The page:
Housetraining For Dummies
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Dogs chew when they’re teething — like babies at the same stage, they just can’t help it. They also chew to show anxiety, boredom, or loneliness. Teething is over eventually, but addressing your dog’s psychological reasons for chewing may take more time and attention.

Dogs' physiological need to chew

To get your dog through her teething period, make sure she has both a soft and a hard chew toy, such as a hard rubber bone or a real bone, as well as a canvas dummy. Don’t give her anything she can destroy or ingest, except food items.

A hard rubber Kong toy with some peanut butter inserted can keep a dog amused for a long time. Carrots, apples, dog biscuits, and ice cubes are great to relieve the monotony; otherwise, she’ll be impelled to find more interesting things to chew on, such as those new shoes you left lying around.

Instead of becoming angry at your dog for chewing up your prized possessions, give her some good solid chew toys, and make sure she doesn’t have access to personal articles, such as shoes, socks, and towels. Think of it as good training for you not to leave things lying around the house.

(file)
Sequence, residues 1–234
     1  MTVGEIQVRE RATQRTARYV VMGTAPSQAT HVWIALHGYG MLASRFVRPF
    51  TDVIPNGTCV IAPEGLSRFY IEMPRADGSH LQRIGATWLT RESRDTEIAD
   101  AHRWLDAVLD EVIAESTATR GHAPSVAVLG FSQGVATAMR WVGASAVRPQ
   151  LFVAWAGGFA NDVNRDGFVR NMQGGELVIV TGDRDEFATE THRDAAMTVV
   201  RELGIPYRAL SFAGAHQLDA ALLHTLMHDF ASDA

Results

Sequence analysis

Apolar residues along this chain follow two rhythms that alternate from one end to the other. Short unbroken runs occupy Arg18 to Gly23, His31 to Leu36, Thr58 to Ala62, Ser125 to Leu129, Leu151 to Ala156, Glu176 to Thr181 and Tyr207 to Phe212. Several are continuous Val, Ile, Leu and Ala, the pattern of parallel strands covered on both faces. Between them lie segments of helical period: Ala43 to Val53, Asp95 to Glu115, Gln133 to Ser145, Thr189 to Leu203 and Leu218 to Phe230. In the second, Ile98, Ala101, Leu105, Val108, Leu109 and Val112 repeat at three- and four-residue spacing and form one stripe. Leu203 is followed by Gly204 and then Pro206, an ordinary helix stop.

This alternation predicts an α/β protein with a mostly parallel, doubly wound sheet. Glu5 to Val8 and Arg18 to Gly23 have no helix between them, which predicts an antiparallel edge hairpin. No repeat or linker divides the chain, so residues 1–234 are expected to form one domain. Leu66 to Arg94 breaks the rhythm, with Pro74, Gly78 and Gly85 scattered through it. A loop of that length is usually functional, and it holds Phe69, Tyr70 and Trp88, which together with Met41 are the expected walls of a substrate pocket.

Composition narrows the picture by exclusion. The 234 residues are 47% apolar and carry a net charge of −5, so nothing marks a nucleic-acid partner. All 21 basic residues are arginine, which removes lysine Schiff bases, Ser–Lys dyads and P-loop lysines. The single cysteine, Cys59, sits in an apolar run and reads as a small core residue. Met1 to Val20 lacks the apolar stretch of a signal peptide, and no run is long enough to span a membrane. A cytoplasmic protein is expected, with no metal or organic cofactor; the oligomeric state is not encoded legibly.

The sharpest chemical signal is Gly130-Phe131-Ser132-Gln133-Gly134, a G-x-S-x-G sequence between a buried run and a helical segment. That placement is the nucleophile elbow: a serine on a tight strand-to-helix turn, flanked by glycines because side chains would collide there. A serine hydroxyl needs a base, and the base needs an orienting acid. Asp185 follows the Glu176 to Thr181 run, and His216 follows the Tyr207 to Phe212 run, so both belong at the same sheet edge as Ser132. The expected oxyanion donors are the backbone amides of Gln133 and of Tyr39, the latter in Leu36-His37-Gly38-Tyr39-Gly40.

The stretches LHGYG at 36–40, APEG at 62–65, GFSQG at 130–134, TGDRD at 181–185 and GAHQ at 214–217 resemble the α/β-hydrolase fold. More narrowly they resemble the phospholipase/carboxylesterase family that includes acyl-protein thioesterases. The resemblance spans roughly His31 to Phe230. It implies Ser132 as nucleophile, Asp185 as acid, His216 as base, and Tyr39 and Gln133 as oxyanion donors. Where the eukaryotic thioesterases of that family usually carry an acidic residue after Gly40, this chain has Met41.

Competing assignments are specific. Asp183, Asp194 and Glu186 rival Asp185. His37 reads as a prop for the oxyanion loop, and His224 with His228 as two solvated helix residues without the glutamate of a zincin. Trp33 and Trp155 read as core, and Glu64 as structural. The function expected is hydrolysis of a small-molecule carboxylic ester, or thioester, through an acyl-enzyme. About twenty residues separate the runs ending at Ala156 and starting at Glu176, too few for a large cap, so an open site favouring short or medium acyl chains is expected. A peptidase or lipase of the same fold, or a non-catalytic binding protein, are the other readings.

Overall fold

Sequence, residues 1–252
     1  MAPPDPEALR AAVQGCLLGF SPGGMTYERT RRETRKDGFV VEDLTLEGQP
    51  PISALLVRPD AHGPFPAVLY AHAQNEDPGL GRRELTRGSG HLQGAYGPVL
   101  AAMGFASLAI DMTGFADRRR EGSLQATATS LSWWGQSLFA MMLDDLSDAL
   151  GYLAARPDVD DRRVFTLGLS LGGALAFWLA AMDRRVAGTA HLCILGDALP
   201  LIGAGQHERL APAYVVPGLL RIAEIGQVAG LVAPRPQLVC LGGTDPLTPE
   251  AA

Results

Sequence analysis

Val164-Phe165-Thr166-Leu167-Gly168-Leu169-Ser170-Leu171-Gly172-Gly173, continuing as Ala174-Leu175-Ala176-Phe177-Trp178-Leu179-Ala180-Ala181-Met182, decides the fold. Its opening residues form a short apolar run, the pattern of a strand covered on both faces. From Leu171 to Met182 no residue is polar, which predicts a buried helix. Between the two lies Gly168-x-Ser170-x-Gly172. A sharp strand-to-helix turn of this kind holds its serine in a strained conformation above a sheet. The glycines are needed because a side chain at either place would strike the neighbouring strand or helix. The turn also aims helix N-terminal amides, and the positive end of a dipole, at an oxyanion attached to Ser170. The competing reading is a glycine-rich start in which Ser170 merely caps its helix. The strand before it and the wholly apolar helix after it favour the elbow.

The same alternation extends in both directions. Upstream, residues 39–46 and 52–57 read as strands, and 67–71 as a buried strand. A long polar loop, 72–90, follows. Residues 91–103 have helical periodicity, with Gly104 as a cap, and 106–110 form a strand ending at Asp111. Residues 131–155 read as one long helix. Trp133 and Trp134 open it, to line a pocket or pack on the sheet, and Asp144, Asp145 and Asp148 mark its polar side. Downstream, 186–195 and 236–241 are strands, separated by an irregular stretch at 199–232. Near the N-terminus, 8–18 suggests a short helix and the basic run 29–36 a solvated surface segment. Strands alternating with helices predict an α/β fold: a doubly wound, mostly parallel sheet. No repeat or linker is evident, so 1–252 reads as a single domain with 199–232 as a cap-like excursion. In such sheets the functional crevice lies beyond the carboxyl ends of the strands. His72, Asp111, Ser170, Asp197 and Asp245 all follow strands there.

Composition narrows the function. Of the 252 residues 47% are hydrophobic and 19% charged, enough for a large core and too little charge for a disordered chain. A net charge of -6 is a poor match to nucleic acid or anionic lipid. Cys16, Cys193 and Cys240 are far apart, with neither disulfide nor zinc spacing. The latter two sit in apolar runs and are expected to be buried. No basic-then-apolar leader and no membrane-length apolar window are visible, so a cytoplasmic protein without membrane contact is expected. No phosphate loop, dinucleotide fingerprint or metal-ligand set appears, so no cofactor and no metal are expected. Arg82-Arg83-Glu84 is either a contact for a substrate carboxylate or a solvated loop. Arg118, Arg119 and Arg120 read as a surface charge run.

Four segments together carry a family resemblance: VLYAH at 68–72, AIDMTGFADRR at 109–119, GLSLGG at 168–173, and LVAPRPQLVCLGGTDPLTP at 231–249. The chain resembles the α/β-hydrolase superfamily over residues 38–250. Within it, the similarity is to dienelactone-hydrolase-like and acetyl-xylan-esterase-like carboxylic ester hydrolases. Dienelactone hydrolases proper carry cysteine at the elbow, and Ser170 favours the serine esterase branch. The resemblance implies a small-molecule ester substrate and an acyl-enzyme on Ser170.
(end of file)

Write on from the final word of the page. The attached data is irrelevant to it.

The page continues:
Your pup's psychological need to chew

A lonely dog may chew up anything in her path. Make sure your dog gets enough attention from you — and that she gets some strong chew toys!

Should your dog attack the furniture, baseboards, and walls, tip over the garbage can, or engage in other destructive chewing activities, use a crate to confine her when you can’t supervise her.

Confining your dog saves you lots of money, and you won’t lose your temper and get mad at the poor pooch. Even more important, she can’t get into things that are a potential danger to her.

Confinement is a problem-solving approach of last resort. Ideally, the dog isn’t left alone so long and so often that she feels the need to chew in order to relieve her boredom. Your dog doesn’t need you to entertain her all the time, but extended periods of being alone can make your pet neurotic.

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